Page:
Greece's serious demographic problem comes as a result of economic hardship which has prompted many young people are leaving the country in search of better opportunities elsewhere. Between 2009 and 2018, about half a million people left the country, many of them of child-bearing age.  In 2010, 115,000 children were born; that number dropped to 92,000 in 2015,  and then to below 89,000 in 2017, the lowest on record.  In 2019, the fertility rate fell to just 1.3 per woman, well below the replacement level and one of the lowest in Europe. Some of the more remote regions of Greece suffer from shortages of obstetricians and gynecologists, many of whom have gone abroad, which deters would-be parents. And there are primary school students who are the only child of their village and whose parents are in their 40s. In general, the Greeks are having children later and having fewer children in the 2010s compared to the 1980s.  This brain drain and a rapidly aging population could spell disaster for the country. 
The Spanish National Institute of Statistics reported that the number of babies born in Spain in 2018 was the lowest since 1998 and a 40.7% drop compared to 2008. This is due to the fact that there were fewer women of childbearing age in Spain than in the past, and that modern Spaniards are having fewer children.  In Portugal, the fertility rate dropped to 1.3 in the late 2010s. Across Southern Europe, about 20% of women born in the 1970s are childless, a number not seen since the First World War. More and more schools have been forced to close and many towns are becoming empty. Southern Europe could become countries of old people by the late 2030s (when people born in the early 2010s and mid-2020s come of age) if the current trend continues. 
Hungary's birth rate was about 1.48 in 2018. For the government of Prime Minister Viktor Orban, which favors "procreation over immigration," raising the national fertility rate is a matter of "strategic importance." In December 2018, the Hungarian government nationalized six fertility clinics and said it would offer free in vitro fertilization (IVF) treatment starting February 2020, though the details of who would be eligible for this program remain unclear. Like other Eastern European countries, Hungary faces a declining population not just due to its low birth rate, now half of what it was in 1950, but also to emigration to Western Europe. About one in every seven Hungarian children was born outside Hungary in the 2010s.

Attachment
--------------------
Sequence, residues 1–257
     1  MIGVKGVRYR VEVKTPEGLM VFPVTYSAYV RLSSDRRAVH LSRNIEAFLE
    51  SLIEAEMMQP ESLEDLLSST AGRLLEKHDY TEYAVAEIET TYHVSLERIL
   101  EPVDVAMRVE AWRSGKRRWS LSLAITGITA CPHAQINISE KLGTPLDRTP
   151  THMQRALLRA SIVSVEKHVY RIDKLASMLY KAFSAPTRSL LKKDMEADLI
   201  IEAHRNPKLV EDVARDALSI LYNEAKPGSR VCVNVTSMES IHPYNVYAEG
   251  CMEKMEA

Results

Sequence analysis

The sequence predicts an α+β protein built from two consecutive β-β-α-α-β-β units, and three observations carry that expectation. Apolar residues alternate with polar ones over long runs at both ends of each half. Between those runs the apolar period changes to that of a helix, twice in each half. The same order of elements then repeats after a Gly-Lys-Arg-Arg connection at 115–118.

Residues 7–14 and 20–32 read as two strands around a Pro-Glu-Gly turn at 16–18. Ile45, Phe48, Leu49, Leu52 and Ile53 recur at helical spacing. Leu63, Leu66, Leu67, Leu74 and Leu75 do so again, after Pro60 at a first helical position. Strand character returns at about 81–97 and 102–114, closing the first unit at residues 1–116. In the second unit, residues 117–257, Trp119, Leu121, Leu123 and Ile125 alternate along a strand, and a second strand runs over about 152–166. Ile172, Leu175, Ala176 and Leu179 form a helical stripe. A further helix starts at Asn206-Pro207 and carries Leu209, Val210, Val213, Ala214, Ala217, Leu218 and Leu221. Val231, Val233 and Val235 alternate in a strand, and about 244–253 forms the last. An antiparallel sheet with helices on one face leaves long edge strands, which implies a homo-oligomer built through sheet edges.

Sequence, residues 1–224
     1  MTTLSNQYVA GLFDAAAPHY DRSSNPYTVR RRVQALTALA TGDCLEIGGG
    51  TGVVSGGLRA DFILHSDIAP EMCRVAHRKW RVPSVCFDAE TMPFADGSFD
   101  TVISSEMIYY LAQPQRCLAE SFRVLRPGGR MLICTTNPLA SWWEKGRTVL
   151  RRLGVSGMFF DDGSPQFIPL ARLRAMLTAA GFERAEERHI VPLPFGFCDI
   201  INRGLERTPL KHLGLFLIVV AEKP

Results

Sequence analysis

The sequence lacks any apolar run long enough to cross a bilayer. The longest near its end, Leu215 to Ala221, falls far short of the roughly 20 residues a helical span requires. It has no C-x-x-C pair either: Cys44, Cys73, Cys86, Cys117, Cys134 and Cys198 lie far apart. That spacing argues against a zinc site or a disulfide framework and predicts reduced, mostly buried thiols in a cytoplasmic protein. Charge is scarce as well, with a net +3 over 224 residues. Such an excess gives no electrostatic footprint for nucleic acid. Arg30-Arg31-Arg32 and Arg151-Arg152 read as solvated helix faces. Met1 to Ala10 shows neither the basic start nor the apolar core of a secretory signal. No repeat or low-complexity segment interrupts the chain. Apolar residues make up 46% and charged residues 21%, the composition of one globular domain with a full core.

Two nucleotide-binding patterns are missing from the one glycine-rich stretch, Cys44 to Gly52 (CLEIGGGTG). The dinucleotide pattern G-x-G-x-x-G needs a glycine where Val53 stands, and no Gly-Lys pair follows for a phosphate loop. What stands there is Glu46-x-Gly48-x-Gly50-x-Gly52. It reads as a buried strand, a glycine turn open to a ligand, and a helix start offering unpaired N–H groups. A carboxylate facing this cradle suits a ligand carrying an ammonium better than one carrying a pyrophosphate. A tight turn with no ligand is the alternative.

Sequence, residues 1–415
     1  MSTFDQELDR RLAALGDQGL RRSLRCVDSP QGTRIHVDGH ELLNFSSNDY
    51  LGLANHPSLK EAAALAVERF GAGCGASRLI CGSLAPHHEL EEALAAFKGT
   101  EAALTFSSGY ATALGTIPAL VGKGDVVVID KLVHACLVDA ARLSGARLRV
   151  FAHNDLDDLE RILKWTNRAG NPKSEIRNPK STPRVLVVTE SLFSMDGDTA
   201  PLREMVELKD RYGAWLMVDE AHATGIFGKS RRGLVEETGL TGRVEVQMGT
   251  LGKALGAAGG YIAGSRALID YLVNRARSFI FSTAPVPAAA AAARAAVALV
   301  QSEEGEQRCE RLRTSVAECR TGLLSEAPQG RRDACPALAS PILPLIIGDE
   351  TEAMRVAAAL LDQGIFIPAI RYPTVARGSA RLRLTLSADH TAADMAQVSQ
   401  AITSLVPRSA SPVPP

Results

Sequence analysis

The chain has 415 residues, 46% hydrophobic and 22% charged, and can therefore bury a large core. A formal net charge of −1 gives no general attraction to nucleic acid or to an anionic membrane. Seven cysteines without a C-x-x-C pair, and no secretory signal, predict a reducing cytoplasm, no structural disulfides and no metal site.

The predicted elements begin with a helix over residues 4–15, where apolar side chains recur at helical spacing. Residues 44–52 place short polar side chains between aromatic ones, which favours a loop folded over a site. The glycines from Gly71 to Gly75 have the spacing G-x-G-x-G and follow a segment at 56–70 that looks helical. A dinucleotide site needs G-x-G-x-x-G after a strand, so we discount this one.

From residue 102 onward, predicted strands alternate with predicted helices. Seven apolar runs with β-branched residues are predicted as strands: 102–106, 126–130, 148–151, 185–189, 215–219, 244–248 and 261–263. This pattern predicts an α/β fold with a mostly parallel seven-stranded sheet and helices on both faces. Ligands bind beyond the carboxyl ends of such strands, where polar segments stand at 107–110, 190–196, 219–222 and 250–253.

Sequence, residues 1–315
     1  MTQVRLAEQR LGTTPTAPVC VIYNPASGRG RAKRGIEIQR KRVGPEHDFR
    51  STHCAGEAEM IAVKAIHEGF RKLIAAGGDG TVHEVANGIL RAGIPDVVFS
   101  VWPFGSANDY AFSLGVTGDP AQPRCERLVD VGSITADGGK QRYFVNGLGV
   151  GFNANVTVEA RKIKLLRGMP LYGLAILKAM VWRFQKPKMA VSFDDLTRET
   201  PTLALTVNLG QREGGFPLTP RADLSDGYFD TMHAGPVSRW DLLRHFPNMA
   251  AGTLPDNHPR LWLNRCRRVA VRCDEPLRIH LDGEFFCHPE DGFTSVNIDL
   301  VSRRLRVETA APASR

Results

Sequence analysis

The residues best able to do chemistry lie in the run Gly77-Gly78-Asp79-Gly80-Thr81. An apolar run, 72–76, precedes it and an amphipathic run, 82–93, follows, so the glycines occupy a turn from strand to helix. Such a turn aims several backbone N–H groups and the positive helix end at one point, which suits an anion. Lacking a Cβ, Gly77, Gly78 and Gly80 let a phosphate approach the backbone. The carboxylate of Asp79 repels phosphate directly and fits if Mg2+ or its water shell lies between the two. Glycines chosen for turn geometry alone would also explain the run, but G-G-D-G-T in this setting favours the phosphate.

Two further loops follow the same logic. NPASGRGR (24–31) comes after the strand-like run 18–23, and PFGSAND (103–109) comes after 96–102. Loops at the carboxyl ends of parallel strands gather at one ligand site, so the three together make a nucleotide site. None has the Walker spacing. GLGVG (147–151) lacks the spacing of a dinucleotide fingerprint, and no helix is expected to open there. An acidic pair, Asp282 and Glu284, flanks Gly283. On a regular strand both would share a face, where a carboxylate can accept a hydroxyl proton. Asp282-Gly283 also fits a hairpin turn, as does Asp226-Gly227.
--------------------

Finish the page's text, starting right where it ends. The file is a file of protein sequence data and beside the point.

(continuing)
The United Nations Population Division projected that Russia, which had a birth rate of 1.75 in 2018, would find its population drop from 143 million down to 132 million by 2050.  Russia's population has been on the decline since the 1990s, following the collapse of the Soviet Union.  Another reason for Russia's demographic decline is the nation's low life expectancy for men, at only 64 years in 2015, or 15 years less than that in Italy, Germany, or Sweden. This is due to a combination of unusually high rates of alcoholism, smoking, untreated cancer, tuberculosis, suicides, violence, and HIV/AIDS.  Although previous attempts to raise the birth rate have failed, in 2018, President Vladimir Putin proposed giving money to low-income families, first-time mothers, families with many children, and the creation of more nurseries. This is part of a massive spending package aimed at revitalizing the struggling Russian economy. 
Throughout the 2000s, France maintained a fertility rate of about 2.0, but from the early 2010s onward, the country has seen its fertility rate falling gradually.  Despite recent declines, France retains one of the highest birth rates in Europe at 1.92 in 2017, according to the World Bank. While many countries have introduced policies intended to incentivize people to have more children, these might be counter-balanced by other policies, such as taxes. In France, the Ministry of Families is solely responsible for family and child benefits packages, which are more generous for larger families. 
Germany's fertility rate rose from 1.33 in 2006 to 1.57 in 2017, moving the country away from Spain and Italy and closer to the E.U. average. This is due to a few reasons. Older women were having children, which caused the rate to increase slightly. New immigrants, who arrived in Germany in great numbers in that decade, tend to have more children than natives, though their children will likely assimilate into German society and will have smaller families of their own than their parents and grandparents. In West Germany, working mothers were once stigmatized, but this is no longer the case in unified Germany. In the late 2000s and early 2010s, the German federal government introduced more generous parental leave, encouraged fathers to take (more) time off, and increased the number of nurseries, to which the government declared children over one year old were entitled to. Although the supply of nurseries remained insufficient, the number of children enrolled in them rose from 286,000 in 2006 to 762,000 in 2017.